Excellent post. I am of the “everything in moderation” crowd and I have been looking at some of the ketosis ideas and part of me thought… maybe. But after reading this I feel yes, keep with your current course. There’s no reason to get all stressed about eating again! Your attitude will help others find the right path for them and happy is healthy!

Note to all potential buyers: these are meant to support a ketogenic diet (no carb, high fat, moderate protein), a specific diet which takes time and dedication to engage in. These are not “silver bullets” that will cause rapid weight loss without diet and exercise, so don’t expect it. No such products exist, on Amazon or otherwise. On the other hand, if you’re following a ketogenic diet already and need a little boost every now and then, these are for you. Watch out, though, they have a lot of caffeine. Three pills have 200 mg, the equivalent of several cups of coffee. If you can tolerate it, go for it. Just don’t make a regular habit of it.
More recently a community of researchers and athletes have emerged who feel that following a ketogenic diet offers a performance advantage, especially to endurance sports where athletes are more likely to run out of stored carbohydrate during the event. However the evidence remains inconclusive and research is ongoing to provide a definitive answer to as to if a ketogenic diet offers a performance advantage.    
With the recent research findings, and the increasing availability of exogenous ketones, it is unsurprising that some authors have said (with a hint of skepticism) that they “could be the next magic bullet’ for athletes39. More research is required to understand the best use cases, doseage protocols, compounds etc, however it is clear that exogenous ketones are a new ‘tool’ in the athlete’s arsenal that can be used to provide an alternative, energetically favourable fuel source without needing dietary manipulation. 
I've tried that before(enzymedica digest gold for example) but it didn't seem to help much. It seems from testing that I have some heavy metal stuff going on and there might have been a chronic mold exposure in the past that is still reeking havoc and I imagine that might be affecting this pretty heavily. I will definitely be sticking to the avocadoes and coconut and 100% dark chocolate because I can't tolerate dairy. The hard part is figuring out what is the bare minimum of starch to make my gut feel good and be regular and at the same time become fat adapted and get those increased cognition and longevity benefits!!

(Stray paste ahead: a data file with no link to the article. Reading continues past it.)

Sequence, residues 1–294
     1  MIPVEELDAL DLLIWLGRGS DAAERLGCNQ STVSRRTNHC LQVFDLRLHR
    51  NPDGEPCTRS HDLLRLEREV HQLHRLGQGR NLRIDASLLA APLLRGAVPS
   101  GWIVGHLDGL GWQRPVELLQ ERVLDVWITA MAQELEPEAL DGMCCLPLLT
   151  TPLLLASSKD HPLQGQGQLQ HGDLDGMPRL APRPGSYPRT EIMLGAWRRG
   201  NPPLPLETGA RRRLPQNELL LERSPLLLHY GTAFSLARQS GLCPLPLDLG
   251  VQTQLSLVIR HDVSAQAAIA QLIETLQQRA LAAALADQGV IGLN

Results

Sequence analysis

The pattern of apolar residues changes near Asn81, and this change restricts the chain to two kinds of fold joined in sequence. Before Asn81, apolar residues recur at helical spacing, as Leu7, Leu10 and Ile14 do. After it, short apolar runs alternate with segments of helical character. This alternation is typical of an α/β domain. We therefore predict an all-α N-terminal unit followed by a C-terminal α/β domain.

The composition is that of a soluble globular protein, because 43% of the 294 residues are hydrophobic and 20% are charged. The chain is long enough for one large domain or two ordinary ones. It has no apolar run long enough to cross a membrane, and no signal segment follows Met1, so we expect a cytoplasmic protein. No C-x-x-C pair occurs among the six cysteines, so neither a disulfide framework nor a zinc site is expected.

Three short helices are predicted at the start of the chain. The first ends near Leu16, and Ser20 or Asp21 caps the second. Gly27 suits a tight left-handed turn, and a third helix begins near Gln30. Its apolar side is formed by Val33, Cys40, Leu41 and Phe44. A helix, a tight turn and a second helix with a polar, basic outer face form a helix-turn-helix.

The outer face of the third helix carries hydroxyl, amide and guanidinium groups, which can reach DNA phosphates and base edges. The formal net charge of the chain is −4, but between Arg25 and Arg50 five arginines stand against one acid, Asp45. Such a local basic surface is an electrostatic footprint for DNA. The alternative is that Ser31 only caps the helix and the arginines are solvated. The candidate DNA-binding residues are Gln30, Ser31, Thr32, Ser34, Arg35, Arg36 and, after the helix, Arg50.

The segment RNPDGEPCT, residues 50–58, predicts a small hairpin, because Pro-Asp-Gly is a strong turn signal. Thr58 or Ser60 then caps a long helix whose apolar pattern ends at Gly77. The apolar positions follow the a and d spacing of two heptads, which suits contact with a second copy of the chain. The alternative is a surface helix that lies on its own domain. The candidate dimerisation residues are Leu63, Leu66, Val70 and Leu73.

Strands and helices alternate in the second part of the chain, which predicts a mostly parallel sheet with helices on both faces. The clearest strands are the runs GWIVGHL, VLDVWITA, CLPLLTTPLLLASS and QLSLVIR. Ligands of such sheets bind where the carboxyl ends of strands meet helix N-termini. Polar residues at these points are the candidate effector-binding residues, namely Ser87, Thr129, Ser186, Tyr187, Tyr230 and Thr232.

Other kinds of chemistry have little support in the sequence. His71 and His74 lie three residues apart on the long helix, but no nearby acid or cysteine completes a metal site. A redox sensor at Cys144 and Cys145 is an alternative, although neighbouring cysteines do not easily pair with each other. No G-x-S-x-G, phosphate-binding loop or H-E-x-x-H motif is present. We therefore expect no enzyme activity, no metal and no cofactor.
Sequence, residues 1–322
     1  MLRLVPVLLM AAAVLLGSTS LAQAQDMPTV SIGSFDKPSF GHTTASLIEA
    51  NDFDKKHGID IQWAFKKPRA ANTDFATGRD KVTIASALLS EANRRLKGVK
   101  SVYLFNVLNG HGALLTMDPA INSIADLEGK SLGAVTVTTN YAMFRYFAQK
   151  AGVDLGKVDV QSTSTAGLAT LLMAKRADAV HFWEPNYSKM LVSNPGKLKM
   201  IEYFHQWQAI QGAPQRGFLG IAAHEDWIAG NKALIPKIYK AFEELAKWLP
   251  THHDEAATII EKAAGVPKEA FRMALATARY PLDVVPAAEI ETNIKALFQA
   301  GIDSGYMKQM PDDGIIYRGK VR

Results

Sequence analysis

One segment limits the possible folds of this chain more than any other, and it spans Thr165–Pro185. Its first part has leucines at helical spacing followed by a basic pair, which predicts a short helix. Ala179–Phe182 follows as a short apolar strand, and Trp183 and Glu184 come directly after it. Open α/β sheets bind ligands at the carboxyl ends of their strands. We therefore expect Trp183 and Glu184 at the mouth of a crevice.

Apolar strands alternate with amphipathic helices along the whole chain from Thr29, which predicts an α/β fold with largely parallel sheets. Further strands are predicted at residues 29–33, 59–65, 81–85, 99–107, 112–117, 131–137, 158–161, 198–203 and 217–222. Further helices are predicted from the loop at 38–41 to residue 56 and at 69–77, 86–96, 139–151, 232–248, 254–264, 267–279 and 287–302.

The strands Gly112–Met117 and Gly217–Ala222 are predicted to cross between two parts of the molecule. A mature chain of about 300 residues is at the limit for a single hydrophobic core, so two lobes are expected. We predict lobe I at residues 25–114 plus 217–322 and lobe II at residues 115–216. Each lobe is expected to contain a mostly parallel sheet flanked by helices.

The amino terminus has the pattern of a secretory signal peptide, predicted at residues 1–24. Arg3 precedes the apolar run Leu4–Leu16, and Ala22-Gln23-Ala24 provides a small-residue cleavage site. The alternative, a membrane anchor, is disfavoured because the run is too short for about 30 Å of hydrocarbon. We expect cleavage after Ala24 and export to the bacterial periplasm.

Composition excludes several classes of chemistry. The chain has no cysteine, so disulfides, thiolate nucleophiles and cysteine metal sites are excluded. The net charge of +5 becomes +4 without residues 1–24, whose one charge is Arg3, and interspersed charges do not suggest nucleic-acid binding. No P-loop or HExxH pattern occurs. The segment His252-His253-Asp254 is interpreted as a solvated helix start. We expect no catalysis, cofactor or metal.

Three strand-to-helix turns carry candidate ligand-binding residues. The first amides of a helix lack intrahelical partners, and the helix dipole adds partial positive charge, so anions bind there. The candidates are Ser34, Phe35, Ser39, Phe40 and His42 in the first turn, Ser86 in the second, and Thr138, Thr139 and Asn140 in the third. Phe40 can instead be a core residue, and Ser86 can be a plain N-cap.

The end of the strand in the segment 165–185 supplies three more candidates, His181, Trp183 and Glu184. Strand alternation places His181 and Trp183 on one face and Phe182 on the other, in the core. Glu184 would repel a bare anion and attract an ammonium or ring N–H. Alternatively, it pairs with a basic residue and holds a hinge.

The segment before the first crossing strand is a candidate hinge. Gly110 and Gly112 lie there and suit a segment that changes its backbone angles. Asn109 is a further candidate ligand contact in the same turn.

Y. Wady Aude, MD; Arthur S. Agatston, MD; Francisco Lopez-Jimenez, MD, MSc; Eric H. Lieberman, MD; Marie Almon, MS, RD; Melinda Hansen, ARNP; Gerardo Rojas, MD; Gervasio A. Lamas, MD; Charles H. Hennekens, MD, DrPH, “The National Cholesterol Education Program Diet vs a Diet Lower in Carbohydrates and Higher in Protein and Monounsaturated Fat,” Arch Intern Med. 2004;164(19):2141-2146. http://archinte.jamanetwork.com/article.aspx?articleid=217514.
As with any serious medical therapy, the ketogenic diet may have complications.[27] These are generally less severe and less frequent than with anticonvulsant medication or surgery.[27] Common but easily treatable short-term side effects include constipation, low-grade acidosis and hypoglycaemia if there is an initial fast. Raised levels of lipids in the blood affect up to 60% of children[37] and cholesterol levels may increase by around 30%.[27] This can be treated by changes to the fat content of the diet, such as from saturated fats towards polyunsaturated fats, and, if persistent, by lowering the ketogenic ratio.[37] Supplements are necessary to counter the dietary deficiency of many micronutrients.[3]